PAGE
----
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Why Bitcoin won’t be the solution for legal pot shops

Popular Bitcoin payment processor ends partnership with Washington marijuana distributor amid legal fears.


Tim Sampson


Posted on Feb 12, 2014   Updated on May 31, 2021, 6:30 pm CDT

With many North American banks refusing to take part in legal marijuana sales in Washington and Colorado, Bitcoin would appear to offer an obvious solution. But fears over the lingering federal ban on marijuana trade have put some Bitcoin payment processors on the sidelines as well.

Bitcoin Examiner reports that Coinbase, a prominent Bitcoin payment processor based in San Francisco, has refused a partnership with Kouchlock Productions, a marijuana dispensary in Spokane, Wash., which recently opened following that state’s decision to allow recreational marijuana use.

Like many legal marijuana proprietors, Kouchlock Productions owner Sean Green has experienced a degree of difficulty by not being able to process most credit or debit card payments. Though sales are permitted in the state of Washington, a federal ban prohibits national or international banks from conducting financial transactions related to marijuana trade—even in states where it’s been deemed legal.

The New York Times recently described the stress most legal marijuana distributors are under as they’ve been forced to embrace a cash-only model. Many pot dispensary owners are forced to use elaborate, mafia-style security procedures involving multiple cars, varying routes, and staggered deposit times in order to safely get cash from their stores to a bank. And many times, the money has to be housed in personal bank accounts or accounts belonging to shell companies to avoid arousing suspicion on the part of the banks.

“Banking is the most urgent issue facing the legal cannabis industry today,” National Cannabis Industry Association Executive Director Aaron Smith told the Times. “So much money floating around outside the banking system is not safe, and it is not in anyone’s interest. Federal law needs to be harmonized with state laws.”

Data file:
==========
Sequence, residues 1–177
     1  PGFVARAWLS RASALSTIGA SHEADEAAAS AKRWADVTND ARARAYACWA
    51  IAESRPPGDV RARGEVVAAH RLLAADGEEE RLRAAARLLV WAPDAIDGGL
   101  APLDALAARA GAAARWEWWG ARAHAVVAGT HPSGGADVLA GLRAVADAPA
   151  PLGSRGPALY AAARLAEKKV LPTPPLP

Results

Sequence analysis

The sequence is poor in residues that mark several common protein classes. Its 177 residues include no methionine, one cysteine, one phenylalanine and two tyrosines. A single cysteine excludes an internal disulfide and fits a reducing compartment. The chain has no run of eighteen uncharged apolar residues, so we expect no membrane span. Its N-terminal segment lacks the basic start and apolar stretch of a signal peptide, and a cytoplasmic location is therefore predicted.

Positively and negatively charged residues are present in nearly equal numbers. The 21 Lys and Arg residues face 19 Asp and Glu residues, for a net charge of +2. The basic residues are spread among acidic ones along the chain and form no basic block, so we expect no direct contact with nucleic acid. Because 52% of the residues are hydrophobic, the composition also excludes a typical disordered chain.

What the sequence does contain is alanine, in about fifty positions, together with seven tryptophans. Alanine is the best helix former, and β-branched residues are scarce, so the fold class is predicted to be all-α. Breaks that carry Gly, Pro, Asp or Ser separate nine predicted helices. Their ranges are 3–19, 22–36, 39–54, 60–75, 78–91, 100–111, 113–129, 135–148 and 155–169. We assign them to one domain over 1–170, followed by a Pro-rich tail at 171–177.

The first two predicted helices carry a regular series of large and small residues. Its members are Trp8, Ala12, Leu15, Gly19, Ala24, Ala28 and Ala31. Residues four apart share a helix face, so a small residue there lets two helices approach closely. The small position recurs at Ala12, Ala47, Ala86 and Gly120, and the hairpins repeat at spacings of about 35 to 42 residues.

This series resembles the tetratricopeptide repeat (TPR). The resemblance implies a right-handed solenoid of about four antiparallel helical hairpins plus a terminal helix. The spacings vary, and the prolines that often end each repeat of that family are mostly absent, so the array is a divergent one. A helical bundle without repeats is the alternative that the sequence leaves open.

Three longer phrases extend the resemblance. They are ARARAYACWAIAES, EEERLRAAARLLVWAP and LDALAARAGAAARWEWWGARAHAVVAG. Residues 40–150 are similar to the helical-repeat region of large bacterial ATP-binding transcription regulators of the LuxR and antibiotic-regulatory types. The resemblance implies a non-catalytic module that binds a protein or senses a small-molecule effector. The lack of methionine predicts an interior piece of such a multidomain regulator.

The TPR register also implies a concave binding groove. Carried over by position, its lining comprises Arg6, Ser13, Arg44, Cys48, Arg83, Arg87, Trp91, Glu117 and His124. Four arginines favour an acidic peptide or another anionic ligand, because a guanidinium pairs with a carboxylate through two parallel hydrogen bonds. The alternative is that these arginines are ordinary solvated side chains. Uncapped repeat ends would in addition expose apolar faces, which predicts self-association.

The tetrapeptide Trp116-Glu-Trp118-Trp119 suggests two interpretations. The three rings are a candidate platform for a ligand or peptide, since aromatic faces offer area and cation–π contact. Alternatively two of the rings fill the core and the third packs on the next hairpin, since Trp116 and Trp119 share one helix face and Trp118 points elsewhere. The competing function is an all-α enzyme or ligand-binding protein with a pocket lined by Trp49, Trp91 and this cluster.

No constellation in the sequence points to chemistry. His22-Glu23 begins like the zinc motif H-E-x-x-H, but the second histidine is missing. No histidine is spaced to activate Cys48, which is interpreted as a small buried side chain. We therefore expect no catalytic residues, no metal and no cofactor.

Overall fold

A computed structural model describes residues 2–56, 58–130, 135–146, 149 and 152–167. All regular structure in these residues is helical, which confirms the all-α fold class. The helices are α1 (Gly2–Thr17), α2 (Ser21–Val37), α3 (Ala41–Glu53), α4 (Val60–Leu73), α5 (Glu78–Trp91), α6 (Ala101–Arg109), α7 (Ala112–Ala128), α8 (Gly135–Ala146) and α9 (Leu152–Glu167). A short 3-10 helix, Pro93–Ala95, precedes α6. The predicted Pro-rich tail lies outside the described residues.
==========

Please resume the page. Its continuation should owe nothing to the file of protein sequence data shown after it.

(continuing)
Green thought he may have found an answer to this problem in the form of Bitcoin, the experimental, digital cryptocurrency whose rise parallels that of legal, recreational pot. Bitcoin has already been used to circumvent federal bans on other legally questionable activities. The digital currency has been credited with helping revive online gambling in the United States since it allowed gaming to take place without the use of legal tender.

Green though Bitcoin would be similarly applicable in his situation. The plan was to be paid for the marijuana in Bitcoin, then use a payment processor like Coinbase to instantly convert the Bitcoin to cash and deposit it securely into a bank. If U.S. currency wasn’t actually used to purchase the marijuana, Green didn’t see the problem.

But Coinbase had a different take on the legality of partnering with a pot dispensary. Coinbase performed a handful of transactions before discovering the nature of Green’s business and pulling the plug.

”We can’t service them as a customer because it’s still technically illegal federally“, a Coinbase spokesperson said.

According to Forbes, Bitcoin banks are just as “wary of running afoul of federal law as regular fiat banks, and maybe more so given the precarious regulatory environment for the cryptocoin.”

Green can still accept Bitcoin has payment, but it will require more work to convert the currency into U.S. dollars, and he’s expressed skepticism about holding Bitcoin.

“I don’t see it as a place to house our money because of the volatility,” Green said. “If it were a secure place to keep our money and the value was consistent, I would hold onto Bitcoin, but that’s not the case.”

Photo by Marijuana Business_Association/Flickr

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*First Published: Feb 12, 2014, 2:12 pm CST